Therefore, it is possible that repiping may be required before insurance pays out. It’s important to talk to your insurer before you buy a home. Some policies don’t mandate replacement but have a very high deductible in the event of water damage or demand a home inspection and report on the pipe’s condition before paying out.
In what additional ways might galvanized piping be problematic?
- Water discoloration due to contamination – discoloration and iron release are real issues with galvanized plumbing. A brown stain on a porcelain sink is a telltale sign of this.
- Disparate water supply – a sign of galvanized pipes is decreased water pressure at certain fixtures but not others. Corrosion often forms in irregular patterns. It’s possible that not all of the galvanized pipes in older homes were replaced.
- Weak water pressure – corrosion in galvanized pipes may impede the water flow in the line, resulting in decreased water pressure in the house.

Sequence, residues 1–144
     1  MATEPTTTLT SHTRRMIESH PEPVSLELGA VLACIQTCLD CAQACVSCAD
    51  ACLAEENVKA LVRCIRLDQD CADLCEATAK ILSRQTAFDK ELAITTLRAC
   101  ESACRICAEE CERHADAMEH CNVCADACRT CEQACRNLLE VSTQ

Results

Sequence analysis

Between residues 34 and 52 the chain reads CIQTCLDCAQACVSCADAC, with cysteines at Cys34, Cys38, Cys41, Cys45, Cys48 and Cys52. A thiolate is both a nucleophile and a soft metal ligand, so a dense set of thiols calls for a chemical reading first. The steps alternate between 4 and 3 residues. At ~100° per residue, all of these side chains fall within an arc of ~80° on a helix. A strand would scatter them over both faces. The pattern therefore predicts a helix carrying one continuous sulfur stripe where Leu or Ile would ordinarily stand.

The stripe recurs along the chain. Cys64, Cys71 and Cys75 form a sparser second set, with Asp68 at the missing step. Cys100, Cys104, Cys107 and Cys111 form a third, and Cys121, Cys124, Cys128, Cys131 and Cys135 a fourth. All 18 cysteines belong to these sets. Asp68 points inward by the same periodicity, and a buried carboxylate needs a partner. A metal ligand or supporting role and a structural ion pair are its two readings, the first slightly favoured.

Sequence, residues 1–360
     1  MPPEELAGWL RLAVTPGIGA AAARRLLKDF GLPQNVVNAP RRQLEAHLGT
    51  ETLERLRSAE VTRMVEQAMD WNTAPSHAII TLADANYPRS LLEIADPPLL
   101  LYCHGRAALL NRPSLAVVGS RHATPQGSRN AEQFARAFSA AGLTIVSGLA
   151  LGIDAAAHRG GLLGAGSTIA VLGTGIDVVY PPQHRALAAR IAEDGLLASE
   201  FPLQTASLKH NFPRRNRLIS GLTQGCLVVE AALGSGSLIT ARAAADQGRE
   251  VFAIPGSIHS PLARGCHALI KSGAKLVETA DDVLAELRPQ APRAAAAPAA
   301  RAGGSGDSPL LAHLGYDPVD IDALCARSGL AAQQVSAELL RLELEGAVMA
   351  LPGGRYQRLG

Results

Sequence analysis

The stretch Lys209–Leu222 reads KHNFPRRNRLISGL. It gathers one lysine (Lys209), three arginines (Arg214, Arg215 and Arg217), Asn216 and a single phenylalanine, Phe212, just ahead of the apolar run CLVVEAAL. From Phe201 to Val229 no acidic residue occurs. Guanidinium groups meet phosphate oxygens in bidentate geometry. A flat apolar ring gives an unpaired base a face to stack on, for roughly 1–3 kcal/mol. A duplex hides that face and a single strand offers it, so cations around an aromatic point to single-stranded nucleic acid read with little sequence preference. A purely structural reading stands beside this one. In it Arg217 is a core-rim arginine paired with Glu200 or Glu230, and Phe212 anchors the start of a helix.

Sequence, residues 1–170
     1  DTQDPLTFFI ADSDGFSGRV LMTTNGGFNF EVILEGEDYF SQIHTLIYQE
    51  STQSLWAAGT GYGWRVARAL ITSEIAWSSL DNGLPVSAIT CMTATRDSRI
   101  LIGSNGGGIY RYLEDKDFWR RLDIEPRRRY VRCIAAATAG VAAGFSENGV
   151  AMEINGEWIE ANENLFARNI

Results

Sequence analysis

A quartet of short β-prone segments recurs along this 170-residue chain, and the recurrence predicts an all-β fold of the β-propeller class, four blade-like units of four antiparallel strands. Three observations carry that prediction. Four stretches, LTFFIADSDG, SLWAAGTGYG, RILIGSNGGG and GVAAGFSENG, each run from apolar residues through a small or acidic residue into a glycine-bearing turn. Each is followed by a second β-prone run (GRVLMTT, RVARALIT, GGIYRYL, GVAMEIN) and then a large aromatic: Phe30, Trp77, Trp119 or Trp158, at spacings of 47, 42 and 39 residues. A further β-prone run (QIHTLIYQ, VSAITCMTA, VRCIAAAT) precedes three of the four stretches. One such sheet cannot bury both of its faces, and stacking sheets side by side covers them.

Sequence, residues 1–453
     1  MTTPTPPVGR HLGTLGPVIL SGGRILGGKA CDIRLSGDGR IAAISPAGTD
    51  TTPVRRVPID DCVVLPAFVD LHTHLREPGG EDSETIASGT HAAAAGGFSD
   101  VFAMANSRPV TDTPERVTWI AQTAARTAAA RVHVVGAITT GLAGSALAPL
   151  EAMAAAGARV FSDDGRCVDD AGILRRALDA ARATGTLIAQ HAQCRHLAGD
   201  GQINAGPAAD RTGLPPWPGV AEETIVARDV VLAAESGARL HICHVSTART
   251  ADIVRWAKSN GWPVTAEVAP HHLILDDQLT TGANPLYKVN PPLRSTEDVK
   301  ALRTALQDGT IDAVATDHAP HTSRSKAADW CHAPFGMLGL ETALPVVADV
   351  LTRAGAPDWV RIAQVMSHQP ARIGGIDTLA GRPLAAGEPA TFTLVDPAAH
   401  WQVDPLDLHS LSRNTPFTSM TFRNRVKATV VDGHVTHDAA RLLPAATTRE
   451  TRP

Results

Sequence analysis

- Pipe leaks – rust can eat through galvanized pipes if you wait long enough and worsen existing damage to the property if left unchecked.
What Do You Do With Galvanized Pipes?
Should I buy a house with galvanized piping? Or should I buy a house with cast iron pipes? Buyers on the real estate market should avoid properties with galvanized and cast iron plumbing unless the seller is ready to repair all the pipes or the buyer is willing to replace the whole galvanized plumbing system themselves. Investing in a house that contains galvanized pipes is a dangerous gamble.
Problems with water pressure, leaks, and even pipe bursts are all possible if the pipes are rusty and corroded, leading to a hefty repair bill.